“Umm . . .”
I looked at her again and found her blushing.
“I’m sore,” she said, inserting a coffee pod into the machine. “Deep inside.”
I grinned. The swing had positioned her perfectly, allowing for optimal penetration. I’d never been as deep in her before. I had been thinking about it all morning and decided that I would be speaking to Ash about his plans for the renovations. One of the bedrooms would need to have two closets—one for clothes, the other for the swing.
“Jeez,” she muttered, “Look at that cocky smirk. Men are pigs.”
“And here I am, slaving over a hot stove for you.”
“Yeah, yeah.” She swatted my ass as she passed me with a steaming cup of coffee in hand.
I caught her by the waist before she got too far, giving her a quick hard kiss on the cheek. “You were amazing last night.”
I’d felt something click into place between us so strongly that the change had been as tangible as the rings I wore on my fingers, and I cherished it as dearly.
She flashed me a dazzling smile, then opened the fridge to pull out the carton of half-and-half. While she took care of that, I plated the finished French toast.
“I’ve been wanting to talk to you about something,” she said, joining me at the island and wriggling onto a bar stool.
My brows lifted. “Okay.”
“I’d like to become involved with the Crossroads Foundation—financially and administratively.”
“That could encompass a lot of things, angel. Tell me what you have in mind.”
Shrugging, she picked up her fork. “I’ve been thinking about the settlement money I got from Nathan’s dad. It’s just sitting in the bank, and after what Megumi has been through . . . I’ve realized that I need to put that money to work and I don’t want to wait. I’d like to help fund the programs offered by Crossroads and help brainstorm ways to expand them.”
I smiled inwardly, pleased to see her moving in the right direction. “All right. We’ll work something out.”
“Yeah?” She brightened like the sun, the shining light in my world.
“Of course. I’d like to commit more time to it, too.”
“We can work together!” She bounced up and down. “I’m excited about this, Gideon.”
I let the smile show. “I can tell.”
“It just feels like a natural progression for us. An extension of us, really.” She cut into her food and forked a bite to her mouth. She hummed her appreciation. “Yummy,” she mumbled.
“I’m glad you like it.”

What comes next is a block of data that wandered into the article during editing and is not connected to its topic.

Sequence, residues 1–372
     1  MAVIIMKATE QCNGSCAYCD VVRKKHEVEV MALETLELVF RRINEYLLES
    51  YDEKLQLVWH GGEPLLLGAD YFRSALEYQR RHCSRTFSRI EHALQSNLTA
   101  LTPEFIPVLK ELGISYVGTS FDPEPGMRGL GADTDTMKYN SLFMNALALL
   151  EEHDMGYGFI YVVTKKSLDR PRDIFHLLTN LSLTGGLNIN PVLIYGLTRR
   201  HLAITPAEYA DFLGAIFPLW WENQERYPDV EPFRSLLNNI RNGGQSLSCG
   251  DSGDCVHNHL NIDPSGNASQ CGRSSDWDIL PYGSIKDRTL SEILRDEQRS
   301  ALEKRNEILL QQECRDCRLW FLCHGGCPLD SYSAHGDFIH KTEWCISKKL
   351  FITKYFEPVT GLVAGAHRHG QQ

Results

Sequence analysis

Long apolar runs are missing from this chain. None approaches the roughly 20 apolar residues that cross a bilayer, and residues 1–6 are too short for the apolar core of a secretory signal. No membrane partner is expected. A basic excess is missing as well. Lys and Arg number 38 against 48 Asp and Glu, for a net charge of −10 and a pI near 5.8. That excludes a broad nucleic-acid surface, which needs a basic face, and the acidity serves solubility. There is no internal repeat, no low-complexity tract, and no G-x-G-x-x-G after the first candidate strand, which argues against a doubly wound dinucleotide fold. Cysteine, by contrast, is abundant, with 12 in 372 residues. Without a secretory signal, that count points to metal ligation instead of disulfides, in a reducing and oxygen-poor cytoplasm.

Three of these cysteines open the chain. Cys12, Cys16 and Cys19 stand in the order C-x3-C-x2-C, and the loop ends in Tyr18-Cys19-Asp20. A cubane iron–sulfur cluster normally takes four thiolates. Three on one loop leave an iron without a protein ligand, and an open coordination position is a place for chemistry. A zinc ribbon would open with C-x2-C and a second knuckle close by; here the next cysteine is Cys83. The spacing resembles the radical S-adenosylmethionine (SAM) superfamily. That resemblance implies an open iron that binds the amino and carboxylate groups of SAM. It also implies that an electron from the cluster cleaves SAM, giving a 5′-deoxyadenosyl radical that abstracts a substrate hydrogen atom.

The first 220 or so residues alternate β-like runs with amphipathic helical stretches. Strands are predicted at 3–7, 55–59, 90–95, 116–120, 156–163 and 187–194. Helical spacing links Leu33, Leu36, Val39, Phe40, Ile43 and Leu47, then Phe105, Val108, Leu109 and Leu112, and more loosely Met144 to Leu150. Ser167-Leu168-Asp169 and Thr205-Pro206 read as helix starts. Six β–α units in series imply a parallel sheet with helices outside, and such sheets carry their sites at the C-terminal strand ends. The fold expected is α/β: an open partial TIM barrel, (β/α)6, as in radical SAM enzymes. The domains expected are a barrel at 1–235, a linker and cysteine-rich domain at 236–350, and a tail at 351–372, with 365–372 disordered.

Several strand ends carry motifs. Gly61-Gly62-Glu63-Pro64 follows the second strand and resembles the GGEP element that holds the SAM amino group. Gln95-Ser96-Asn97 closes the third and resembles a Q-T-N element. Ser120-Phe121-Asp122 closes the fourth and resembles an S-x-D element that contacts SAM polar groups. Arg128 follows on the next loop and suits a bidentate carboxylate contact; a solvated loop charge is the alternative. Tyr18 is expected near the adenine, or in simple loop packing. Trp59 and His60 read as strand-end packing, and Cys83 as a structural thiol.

“You’re hot and you can cook. I’m a lucky girl.”
I decided not to tell her I’d just downloaded the recipe that morning. Instead, I considered what she’d said.
Had I made a tactical error by moving too quickly with Mark? It was possible that if I’d left it alone just a little longer, Eva might have come around to working at Cross Industries on her own.
But did I have the luxury of giving her more time with Landon closing in? Even now, I didn’t think so.
Seeking to mitigate any possible fallout, I debated the merits of broaching the topic of Mark’s move to Cross Industries now versus later. Eva had opened the door by talking about us working together. If I didn’t walk through it, I ran the risk of her finding out another way.
I had taken that chance on Saturday, knowing Eva and Mark were friends who talked outside work. He could’ve called her at any time, but I’d banked on him thinking it over first, discussing it with his partner, and coming to peace with leaving Waters Field & Leaman.
“I have to talk to you about something, too, angel.”
“I’m all ears.”
Shooting for nonchalance, I grabbed the maple syrup and poured some onto my plate. “I offered Mark Garrity a job.”
There was a moment of stunned silence, and then, “You did what?”
The tone of her voice confirmed that I’d been right to be up front sooner rather than later. I looked at her. She was staring at me.
“I’ve asked Mark to work for Cross Industries,” I repeated.
Her face paled. “When?”
“Friday,” she parroted. “It’s Sunday. You’re just bringing this up now?”
Since the question was rhetorical, I didn’t reply, choosing to wait for a clearer assessment of the situation before possibly making things worse.
I took the same tack I’d used with Mark—I told the parts of the truth most likely to be accepted. “He’s a solid employee. He’ll bring a lot to the team.”
“Bullshit.” The color came back into her face in an angry rush. “Don’t patronize me. You’re putting me out of a job and you didn’t think that was something you should discuss with me first?”
I switched tactics. “LanCorp asked for Mark directly, didn’t they?”
She was silent a minute. “That’s what this is about? The PhazeOne system? Are you f**king serious?”
I’d wondered what product Ryan Landon would use as an excuse to approach Eva. I was surprised he’d gone with a product so vital to his bottom line, then chastised myself for not expecting it. “You didn’t answer my question, Eva.”
“What the hell does it matter?” she snapped. “Yeah, they asked for Mark. So what? You don’t want your competitors using him? Are you trying to say this was a business decision?”